The Minister for Justice and Equality, Charlie Flanagan, last week published the Coroners (Amendment) Bill 2018 (the “Bill”). This Bill seeks to significantly clarify, strengthen and modernise the law on the reporting of deaths to coroners. The Bill also extends coroner’s powers to investigate and inquest such deaths. The Bill, if enacted, will amend the existing legislation, the Coroners Act 1962. Changes to the legislation governing the coroner system have long been proposed, including in a Coroners Bill 2007, but have never been enacted.
Commenting on the Bill, the Minister said that it will “allow a wider scope for inquiry where necessary at inquests, clarifying that they are not limited to establishing the medical cause of death, and seek to establish the circumstances in which the death occurred.” Further, the Minister indicated that the Bill would enhance compliance with Ireland’s obligations under the European Convention on Human Rights.
While it will remain the case that coroners will not have any power to make a finding of civil or criminal liability, the Bill contains a number of key provisions that are aimed at increasing the effectiveness of the coroner’s inquest. These key provisions include:
The Government has also agreed to priority drafting of some further amendments to the Bill, which the Minister indicated that he intends to introduce at Committee Stage. These further amendments (subject to the advice of the Attorney General) include:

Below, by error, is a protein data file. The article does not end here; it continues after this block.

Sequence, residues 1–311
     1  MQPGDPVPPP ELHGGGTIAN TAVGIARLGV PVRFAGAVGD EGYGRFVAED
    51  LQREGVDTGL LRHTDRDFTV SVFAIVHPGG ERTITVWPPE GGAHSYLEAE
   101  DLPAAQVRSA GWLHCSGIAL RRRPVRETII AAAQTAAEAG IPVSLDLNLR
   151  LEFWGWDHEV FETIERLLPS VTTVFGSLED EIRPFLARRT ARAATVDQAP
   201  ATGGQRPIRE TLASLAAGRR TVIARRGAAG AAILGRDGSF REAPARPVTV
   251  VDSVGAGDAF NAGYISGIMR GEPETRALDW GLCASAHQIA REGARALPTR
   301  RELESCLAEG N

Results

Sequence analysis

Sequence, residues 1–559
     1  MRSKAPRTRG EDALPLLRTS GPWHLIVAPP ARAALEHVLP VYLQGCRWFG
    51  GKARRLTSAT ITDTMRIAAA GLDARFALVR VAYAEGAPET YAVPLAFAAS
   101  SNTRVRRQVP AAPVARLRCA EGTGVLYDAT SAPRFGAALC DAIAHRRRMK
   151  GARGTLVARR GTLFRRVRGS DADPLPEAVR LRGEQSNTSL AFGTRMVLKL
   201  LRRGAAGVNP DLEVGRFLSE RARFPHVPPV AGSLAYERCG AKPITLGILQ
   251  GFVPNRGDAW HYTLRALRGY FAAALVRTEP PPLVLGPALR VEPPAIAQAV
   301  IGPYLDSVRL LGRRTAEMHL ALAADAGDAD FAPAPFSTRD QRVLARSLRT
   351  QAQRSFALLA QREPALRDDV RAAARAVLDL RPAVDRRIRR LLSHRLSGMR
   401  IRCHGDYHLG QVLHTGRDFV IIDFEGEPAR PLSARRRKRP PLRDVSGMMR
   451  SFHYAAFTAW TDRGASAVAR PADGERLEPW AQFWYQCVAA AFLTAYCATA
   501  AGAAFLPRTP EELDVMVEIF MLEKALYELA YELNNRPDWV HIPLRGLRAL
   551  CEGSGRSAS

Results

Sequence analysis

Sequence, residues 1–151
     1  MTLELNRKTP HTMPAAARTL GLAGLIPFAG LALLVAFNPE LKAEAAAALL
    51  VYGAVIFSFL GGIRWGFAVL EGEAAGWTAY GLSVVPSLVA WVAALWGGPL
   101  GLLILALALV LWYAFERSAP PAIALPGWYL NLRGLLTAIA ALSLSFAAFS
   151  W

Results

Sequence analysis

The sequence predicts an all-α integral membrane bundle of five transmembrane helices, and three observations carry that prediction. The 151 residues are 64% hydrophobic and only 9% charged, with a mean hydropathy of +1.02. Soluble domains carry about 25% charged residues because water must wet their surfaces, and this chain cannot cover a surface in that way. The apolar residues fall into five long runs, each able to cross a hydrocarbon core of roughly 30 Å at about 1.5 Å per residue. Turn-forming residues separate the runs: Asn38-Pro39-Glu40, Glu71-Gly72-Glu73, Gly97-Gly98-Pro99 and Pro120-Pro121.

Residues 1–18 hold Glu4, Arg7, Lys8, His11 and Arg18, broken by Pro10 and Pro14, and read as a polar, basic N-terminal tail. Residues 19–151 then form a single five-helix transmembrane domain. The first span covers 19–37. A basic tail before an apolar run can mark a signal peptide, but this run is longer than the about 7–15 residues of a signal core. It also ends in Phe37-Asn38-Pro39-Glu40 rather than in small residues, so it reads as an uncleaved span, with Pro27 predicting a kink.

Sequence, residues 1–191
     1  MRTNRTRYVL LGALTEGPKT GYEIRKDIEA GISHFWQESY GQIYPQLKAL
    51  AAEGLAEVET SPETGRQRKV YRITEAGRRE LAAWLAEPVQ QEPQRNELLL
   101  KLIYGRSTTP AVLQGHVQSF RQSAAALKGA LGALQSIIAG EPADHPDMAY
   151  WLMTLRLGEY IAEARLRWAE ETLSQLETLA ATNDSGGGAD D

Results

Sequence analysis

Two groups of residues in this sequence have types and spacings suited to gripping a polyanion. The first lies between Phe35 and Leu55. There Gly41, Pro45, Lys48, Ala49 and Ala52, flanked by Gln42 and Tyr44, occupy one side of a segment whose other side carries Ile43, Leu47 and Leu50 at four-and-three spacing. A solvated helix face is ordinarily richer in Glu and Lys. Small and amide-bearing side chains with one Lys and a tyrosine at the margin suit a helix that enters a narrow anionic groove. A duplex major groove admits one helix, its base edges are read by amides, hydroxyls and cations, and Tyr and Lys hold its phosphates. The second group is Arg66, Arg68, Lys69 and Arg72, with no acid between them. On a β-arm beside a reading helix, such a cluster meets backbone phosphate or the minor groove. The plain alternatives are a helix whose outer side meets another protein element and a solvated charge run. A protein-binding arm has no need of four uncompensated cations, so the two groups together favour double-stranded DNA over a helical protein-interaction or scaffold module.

The Minister indicated that he intends to move the Bill as early as possible in the new parliamentary session, with a view to facilitating the Bill’s “swift passage through the Houses of the Oireachtas.”
The Bill can be accessed here.
A ‘maternal death’ is defined under the Bill as the death of a woman while pregnant or within 42 days after the end of the pregnancy (whether by delivery, miscarriage or by intervention, for instance in the case of ectopic pregnancy), from any cause related to or aggravated by the pregnancy or its management, but not from accidental or incidental causes, and including direct and indirect maternal deaths.
 A ‘late maternal death’ is similarly defined under the Bill, but occurs more than 42 days and less than 365 days after the end of the pregnancy.
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